The German forces did not attack after darkness had fallen on the night of May 28th, although considerable movement was noticeable in the surrounding country.
The town’s defenders had suffered significant casualties but at the same time an appreciable number of enemy tanks were lying derelict in open country. The Field ambulance HQ in the town centre had received a direct hit from a Stuka attack resulting in several casualties, now buried in the towns’ cemetery. The villages of Bachinove and Zupytene had been captured by the Germans, with some survivors making their way back to Cassel.
A machine-gun platoon had reinforced the junction with the 4th Ox. and Bucks, and a section of 140 Regiment’s 18-pounders were positioned in the Ox & Bucks Battalion “keep” area in the town cntre. 2nd Lieut. Gerry French, of the Intelligence Corps was killed by a mortar bomb, while on a mission to liaise with the artillery regarding the targeting of a German position
On the morning of Wednesday 29th May, a heavy and sustained attack broke out again, preceded by concentrated mortar bombardment. There were attacks from three sides simultaneously. In places defences were driven in and casualties mounted.
During the fighting of 29th May at about 10.30, and despite his better judgement, Major Christopherson was ordered by Somerset to fire on German mortar positions. He carried out this order with one gun, positioned on the D218 Road and firing over open sights, but retaliation from German mortars killed two men including Gunner Reginald Woolston (who is buried in Cassel Cemetery) and Christopherson himself was injured. Christopherson’s injury meant he took no further part in the battle and his war diary, written retrospectively after his return from captivity in 1945, finishes on this day.
In spite of mounting casualties and ever-diminishing effective manpower, the German forces did not manage to gain a foothold in Cassel. By midday the attacks slackened off and in the afternoon a 48th Division Royal Signals dispatch rider, who had miraculously managed to reach the town, arrived with the order to withdraw.
The fighting died down about 17.00 hrs. and it appeared that the enemy had withdrawn from their respective fronts. Movement could certainly be seen away to the north, but too far away to engage with fire. By now, Cassel had been severely damaged, but, apart from occasional low flying German aeroplanes, all action had ceased.
After the order was received from BEF Headquarters that the garrison should withdraw that night and try and make a rendezvous near Dunkirk, Brigadier Somerset started to plan the breakout. He told his HQ staff to keep the news secret from the men as he realised that there was no realistic prospect of escape until nightfall. He identified the D137 road that headed North East towards Winnezele and Watou, and sent a detachment of the East Yorkshire Yeomanry to investigate the route.
Once the news of the evacuation had filtered through, the British troops had high hopes of being able to make a successful getaway. This was to be a fighting retreat and the soldiers were armed with rifles, Bren guns and grenades. What was not known then, however, was that this withdrawal to Dunkirk was intended twenty-four hours earlier; the delayed arrival of an earlier message now rendered withdrawal to the coast virtually impossible, as by now Cassel was completely surrounded and all approaches to the sea were effectively blocked by a German pincer movement at and around the Belgian town of Poperinghe.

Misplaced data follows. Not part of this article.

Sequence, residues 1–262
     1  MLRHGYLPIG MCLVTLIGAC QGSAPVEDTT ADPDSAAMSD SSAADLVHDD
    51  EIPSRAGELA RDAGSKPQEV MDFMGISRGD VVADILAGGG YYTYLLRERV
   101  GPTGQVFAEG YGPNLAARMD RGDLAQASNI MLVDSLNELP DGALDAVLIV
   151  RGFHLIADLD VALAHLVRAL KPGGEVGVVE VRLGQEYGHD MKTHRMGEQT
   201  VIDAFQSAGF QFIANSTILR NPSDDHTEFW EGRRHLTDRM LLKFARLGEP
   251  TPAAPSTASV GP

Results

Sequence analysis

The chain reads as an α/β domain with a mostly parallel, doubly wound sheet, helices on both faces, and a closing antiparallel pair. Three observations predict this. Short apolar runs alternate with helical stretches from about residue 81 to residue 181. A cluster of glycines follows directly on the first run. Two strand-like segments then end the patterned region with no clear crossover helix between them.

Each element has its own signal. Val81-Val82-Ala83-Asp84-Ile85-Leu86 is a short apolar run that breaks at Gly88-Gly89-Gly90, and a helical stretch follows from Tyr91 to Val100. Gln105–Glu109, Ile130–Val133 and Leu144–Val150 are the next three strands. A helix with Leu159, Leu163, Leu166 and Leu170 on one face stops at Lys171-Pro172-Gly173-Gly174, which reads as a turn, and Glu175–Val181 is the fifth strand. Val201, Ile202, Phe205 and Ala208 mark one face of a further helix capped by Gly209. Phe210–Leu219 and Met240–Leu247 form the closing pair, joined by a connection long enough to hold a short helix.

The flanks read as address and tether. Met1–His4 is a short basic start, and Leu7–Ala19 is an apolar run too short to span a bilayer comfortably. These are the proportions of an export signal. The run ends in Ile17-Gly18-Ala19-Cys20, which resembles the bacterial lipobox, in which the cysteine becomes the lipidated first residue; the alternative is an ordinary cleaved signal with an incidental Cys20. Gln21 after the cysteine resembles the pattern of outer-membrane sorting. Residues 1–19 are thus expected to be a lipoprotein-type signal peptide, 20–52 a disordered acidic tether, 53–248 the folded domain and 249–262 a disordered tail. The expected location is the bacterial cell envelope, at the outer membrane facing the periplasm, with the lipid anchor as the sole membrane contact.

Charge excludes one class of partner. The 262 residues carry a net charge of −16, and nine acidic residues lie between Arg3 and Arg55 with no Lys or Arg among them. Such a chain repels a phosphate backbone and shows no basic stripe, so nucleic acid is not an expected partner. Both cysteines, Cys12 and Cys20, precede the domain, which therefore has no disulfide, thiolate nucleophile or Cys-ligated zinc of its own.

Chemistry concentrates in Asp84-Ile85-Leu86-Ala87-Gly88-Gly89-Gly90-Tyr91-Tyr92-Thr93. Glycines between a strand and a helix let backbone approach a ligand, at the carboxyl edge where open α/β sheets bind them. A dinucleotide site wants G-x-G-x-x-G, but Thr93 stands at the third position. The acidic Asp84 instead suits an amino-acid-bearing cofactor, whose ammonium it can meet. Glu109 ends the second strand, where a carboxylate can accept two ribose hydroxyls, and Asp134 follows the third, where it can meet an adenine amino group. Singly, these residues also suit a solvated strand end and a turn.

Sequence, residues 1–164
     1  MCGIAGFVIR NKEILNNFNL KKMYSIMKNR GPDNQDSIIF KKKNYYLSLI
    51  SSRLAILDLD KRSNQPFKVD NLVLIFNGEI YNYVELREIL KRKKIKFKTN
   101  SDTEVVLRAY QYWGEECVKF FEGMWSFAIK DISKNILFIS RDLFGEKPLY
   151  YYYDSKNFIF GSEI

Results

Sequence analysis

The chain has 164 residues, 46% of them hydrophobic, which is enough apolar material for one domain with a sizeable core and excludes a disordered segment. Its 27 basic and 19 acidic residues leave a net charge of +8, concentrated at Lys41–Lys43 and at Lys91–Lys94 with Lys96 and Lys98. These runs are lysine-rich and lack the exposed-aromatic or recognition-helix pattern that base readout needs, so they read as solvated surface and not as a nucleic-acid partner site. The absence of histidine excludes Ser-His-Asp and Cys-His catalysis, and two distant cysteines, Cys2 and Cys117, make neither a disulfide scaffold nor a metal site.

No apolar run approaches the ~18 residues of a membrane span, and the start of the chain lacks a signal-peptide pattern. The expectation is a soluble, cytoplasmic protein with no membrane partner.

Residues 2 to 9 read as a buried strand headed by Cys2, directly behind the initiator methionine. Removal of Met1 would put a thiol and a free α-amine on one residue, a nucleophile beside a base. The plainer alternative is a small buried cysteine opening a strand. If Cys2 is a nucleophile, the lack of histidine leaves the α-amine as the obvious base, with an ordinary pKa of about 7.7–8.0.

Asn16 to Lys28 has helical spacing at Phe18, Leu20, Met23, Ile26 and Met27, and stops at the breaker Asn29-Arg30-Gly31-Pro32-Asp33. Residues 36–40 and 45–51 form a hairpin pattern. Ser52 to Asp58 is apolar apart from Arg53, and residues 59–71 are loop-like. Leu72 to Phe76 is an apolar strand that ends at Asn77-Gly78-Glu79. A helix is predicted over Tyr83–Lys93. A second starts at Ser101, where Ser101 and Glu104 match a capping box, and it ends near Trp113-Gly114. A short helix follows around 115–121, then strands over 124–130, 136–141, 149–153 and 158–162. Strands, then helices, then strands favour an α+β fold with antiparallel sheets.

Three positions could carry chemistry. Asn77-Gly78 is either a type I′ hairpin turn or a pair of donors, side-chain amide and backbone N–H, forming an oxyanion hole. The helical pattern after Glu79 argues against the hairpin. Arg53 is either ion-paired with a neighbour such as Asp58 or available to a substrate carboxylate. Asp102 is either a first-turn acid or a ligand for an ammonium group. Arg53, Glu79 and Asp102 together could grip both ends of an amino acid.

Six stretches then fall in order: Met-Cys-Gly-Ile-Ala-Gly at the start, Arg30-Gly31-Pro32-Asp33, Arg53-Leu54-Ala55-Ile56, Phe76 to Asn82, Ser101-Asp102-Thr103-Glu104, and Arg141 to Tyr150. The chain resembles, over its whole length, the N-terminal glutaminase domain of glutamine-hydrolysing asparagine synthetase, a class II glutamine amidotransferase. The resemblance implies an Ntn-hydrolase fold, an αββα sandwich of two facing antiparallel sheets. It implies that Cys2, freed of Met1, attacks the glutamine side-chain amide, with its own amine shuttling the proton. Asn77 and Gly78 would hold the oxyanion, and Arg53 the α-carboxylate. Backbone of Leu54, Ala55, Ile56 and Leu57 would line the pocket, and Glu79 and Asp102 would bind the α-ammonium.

Meanwhile, to the North of Cassel, the garrison of 14 men of the Gloucester Regiment under the command of Lt Cresswell at the le Peckel blockhouse were to hold out for three days of continuous attack, only surrendering when German infantry had overrun the blockhouse and all sounds of the battle to the south in Cassel had ceased.
After the conflict, and the German occupation of Cassel, there are archives of German photographs of abandoned 140th Regiment 18-pounders and equipment throughout Cassel, including Dead Horse corner on Rue Marechel Foch (by the Cemetery), in the Rue de Berges (where Major Christopherson was wounded) and in the Place du General Vandemme.
War Diary, The Final Entry, 29th May 1940.
‘An enemy attack was repulsed to the west of CASSEL by the Infantry without the gunners being called upon for assistance. I was at Brigade H.Q. 145 Brigade. and was informed that a Signal Sargent from 48th Div. Signals had arrived telling the Brigadier that the CASSEL garrison was to retire at once to BERGUES and that this message should have reached him during the night 28th/29th May.
The Brigadier [Somerset] decided that owing to the enemy having nearly surrounded his force he would not make the attempt until darkness. About 1030 hrs. the Brigadier asked me to harass the enemy mortars to the N.W. of CASSEL as they were giving the Infantry an unpleasant time. I pointed out to the Brigadier that although I was quite prepared to help, any firing done by the Regiment would bring down unpleasant consequences to his immediate surroundings but he pointed out that it would be a good thing to raise the tails of the Infantry a bit higher. I therefore took one gun with its detachment and fired on the mortars over open sights. Just as the gun had got the range other enemy mortars got the range of the gun and began plastering us. The result was that two of the detachment were killed and I was knocked unconscious’.
‘..The above is the end of my diary as far as I am able to give. The following are points which I think would be of use:-
At no time throughout the operations was the Regiment short of food and ammunition.
I understand that on the afternoon of 29th the Brigadier ordered that all guns and equipment be destroyed and the dismounted Regiment to march with his Brigade. Most of them were killed or captured on the 30th.
N. Christopherson (Signature) Major, R.A.
20th June 1945